The term “sunfish” generally refers to fishes from the Family Centrarchidae, comprised of 30 species (including several bass species and crappie), but to most people “sunfish” are species from the Genus Lepomis: bluegill, pumpkinseed, longear, warmouth, redear, green, and redbreast sunfishes. To further complicate matters, Lepomis species can – and often do – hybridize with each other especially in captivity (see below).
Most sunfishes spawn in early to mid summer, when the water temperatures begin to approach 70 degrees F. However, in captivity many species – not just sunfishes – are triggered to spawn at unusual times of the year, due to unnatural light cycles and seasonal temperature fluctuations within the facility. For example, two species of sunfish in our Woodland Pond exhibit, the pumpkinseeds and redbreasts are currently spawning, but are several months past their spawning period in the wild.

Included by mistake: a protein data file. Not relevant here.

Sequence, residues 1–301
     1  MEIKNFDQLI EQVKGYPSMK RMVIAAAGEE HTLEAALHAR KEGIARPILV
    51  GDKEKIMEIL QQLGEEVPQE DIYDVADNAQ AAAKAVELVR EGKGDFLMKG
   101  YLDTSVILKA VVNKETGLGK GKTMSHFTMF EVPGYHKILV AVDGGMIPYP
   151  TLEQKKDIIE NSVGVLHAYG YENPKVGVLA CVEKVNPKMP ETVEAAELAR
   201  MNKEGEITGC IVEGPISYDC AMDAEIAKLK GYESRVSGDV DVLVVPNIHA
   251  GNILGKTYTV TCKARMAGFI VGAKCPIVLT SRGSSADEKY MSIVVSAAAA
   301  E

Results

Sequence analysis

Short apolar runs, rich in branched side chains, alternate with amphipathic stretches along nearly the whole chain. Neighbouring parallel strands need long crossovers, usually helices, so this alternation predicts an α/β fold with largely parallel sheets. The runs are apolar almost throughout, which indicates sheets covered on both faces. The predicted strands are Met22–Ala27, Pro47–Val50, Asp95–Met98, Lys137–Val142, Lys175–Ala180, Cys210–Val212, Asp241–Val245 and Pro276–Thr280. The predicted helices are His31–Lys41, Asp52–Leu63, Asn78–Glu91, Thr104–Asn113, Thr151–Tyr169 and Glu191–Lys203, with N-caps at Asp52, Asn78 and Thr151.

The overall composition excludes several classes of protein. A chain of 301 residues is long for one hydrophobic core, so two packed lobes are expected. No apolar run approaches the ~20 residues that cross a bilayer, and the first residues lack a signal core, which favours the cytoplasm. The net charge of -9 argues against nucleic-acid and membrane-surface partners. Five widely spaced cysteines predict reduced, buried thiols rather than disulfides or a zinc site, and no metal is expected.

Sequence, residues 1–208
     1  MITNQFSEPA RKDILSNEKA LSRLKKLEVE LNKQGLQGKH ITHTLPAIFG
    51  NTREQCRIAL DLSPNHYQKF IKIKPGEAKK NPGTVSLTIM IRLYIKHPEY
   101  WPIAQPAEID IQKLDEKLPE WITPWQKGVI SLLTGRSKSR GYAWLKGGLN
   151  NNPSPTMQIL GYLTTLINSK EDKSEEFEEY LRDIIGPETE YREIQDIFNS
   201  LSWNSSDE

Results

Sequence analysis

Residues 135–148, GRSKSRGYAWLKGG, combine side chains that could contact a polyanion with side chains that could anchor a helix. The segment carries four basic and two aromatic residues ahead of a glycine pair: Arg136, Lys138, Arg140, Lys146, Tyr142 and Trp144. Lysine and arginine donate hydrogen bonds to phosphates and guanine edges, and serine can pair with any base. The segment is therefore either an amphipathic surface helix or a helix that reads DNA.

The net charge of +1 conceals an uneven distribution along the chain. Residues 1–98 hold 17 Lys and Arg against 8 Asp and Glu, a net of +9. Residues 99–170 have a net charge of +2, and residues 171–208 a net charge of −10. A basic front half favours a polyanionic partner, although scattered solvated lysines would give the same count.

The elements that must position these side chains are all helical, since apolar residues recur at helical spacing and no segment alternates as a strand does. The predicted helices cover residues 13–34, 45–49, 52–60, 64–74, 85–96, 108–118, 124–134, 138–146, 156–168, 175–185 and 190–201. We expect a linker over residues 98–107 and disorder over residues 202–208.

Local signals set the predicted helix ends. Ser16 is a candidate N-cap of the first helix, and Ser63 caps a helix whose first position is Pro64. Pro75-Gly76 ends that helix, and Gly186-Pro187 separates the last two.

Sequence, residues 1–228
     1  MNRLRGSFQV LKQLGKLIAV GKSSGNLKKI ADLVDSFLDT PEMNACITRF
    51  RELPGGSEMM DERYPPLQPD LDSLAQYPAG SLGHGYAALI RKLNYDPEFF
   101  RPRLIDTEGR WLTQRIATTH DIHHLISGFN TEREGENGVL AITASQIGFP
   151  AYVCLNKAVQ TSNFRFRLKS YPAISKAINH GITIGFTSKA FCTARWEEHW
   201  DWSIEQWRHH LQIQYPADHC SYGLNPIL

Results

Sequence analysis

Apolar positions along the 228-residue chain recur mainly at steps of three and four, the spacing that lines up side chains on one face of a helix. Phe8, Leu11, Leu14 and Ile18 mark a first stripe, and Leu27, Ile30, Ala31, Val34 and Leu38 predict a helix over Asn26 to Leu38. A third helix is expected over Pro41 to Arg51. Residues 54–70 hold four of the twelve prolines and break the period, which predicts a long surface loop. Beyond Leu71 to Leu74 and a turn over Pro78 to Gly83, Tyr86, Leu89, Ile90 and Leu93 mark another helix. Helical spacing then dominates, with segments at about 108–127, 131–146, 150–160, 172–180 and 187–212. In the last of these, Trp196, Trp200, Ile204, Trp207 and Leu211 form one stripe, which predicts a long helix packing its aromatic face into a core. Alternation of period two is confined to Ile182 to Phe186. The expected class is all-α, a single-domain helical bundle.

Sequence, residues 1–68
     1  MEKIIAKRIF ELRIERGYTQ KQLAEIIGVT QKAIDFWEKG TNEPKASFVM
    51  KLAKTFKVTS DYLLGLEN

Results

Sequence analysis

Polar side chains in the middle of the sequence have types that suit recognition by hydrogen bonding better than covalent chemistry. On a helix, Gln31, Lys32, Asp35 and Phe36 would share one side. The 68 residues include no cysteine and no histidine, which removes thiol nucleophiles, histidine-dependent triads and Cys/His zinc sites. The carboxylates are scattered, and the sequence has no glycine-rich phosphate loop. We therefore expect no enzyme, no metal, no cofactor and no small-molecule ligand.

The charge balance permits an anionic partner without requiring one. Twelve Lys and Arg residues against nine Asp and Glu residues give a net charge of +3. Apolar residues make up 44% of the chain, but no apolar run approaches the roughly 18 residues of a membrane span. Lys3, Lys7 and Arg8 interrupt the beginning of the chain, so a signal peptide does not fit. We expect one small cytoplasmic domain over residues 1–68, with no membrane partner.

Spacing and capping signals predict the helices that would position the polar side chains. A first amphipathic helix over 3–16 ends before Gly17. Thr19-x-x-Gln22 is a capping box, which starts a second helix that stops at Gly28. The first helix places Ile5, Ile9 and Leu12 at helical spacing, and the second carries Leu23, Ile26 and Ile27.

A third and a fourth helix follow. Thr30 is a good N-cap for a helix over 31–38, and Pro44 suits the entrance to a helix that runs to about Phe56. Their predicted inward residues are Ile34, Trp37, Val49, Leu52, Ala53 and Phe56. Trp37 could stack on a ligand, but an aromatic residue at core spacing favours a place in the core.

Breeding or “nuptial” males of all sunfish species fan out broad, saucer-shaped nests with their tails in hopes of attracting a female. The males then aggressively guard these nests which are often quite close together, and chase off all intruders. During this period males become brilliantly colored, showing off their best and brightest for the ladies. If the male successfully attracts a mate, he will fertilize from 1000’s to 10’s of thousands of eggs, depending upon the size of the female (and species), which she has deposited in the nest. After releasing her eggs, she moves on with no further commitment to the young. The males remain to guard their young from predators as the young develop from eggs to yolk sac larvae to free-swimming larvae. Once the young are swimming and feeding on their own, the job of the male is finally done.